If you are young and in good health, you may not see the need to consider what will happen in the future if you become ill or suddenly pass away. While this process may seem unnecessary to you and others in Louisiana who are your age, it is actually the best time for you to be making these plans. When it comes to your future and your long-term interests, the time to act is now.
There is no one-size-fits all estate plan, and fortunately, you have options for creating a plan that perfectly suits your individual needs and objectives. Of course, these needs and objectives will change over time, and so should your estate plan. However, the peace of mind you will have knowing that your financial interests and health care preferences are secure is worth the effort to have at least the basic documents in place.
What do you need?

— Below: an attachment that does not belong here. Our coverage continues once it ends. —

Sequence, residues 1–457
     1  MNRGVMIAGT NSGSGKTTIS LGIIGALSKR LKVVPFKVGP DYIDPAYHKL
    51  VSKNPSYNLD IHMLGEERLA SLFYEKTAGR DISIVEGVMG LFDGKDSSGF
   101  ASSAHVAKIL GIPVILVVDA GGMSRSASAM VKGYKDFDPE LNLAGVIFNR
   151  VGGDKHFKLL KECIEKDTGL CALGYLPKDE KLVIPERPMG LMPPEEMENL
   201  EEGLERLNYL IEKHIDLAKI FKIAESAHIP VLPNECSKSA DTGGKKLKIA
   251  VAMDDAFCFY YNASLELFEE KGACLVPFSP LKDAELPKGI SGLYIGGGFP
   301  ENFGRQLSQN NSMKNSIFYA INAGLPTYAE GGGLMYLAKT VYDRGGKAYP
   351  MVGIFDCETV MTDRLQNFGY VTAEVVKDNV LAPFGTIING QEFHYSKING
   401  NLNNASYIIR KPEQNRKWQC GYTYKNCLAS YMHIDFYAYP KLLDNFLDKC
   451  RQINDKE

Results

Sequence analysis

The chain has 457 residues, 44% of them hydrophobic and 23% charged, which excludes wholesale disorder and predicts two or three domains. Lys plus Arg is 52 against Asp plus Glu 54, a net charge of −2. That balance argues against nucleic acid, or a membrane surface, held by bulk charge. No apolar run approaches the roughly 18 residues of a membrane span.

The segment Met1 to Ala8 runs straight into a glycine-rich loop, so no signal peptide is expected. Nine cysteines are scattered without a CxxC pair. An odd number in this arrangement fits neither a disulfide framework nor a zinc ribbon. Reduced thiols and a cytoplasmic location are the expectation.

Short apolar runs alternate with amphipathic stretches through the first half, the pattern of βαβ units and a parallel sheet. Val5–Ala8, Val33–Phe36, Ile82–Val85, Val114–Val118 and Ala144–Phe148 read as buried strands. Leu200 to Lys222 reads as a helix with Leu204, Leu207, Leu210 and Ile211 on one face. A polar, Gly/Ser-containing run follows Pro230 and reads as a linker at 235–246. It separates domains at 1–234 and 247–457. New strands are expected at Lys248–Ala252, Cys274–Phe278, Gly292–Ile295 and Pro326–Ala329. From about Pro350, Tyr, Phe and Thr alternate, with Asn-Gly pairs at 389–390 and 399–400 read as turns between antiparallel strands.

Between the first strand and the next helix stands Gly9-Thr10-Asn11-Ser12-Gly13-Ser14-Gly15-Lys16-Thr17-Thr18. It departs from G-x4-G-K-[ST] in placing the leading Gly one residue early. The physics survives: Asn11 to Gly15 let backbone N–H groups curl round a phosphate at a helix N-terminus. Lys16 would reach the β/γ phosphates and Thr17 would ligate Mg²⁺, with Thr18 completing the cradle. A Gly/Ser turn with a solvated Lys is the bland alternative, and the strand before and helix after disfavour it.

Most estate plans start with the drafting of a basic will. This allows you to decide what will happen to your property after your passing, but you may need more to have full protection. Some of the things you may consider for your estate plan include:
- Health care planning, including drafting a health care proxy, living will and power of attorney that will protect you in case of incapacitation
- Financial planning, including drafting a financial power of attorney that will protect you in case you cannot make decisions due to incapacitation
- Naming a person to act as executor of your estate, which is someone who will have the responsibility of ensuring your wishes are followed
- Making sure beneficiaries and family have access to the right information and your estate plan in case of your death, illness or serious injury
Estate planning is not something to put off until you are older or have a serious health condition. The future is unpredictable, so planning early could act in your best interests as well as those of your loved ones.
Where should you start?
You can start the estate planning process by taking the time to carefully evaluate your estate, your finances and your wishes for the future. You have the right to have the final say over your property, your body and any type of assets you’ve earned during your lifetime, regardless of your age or health status.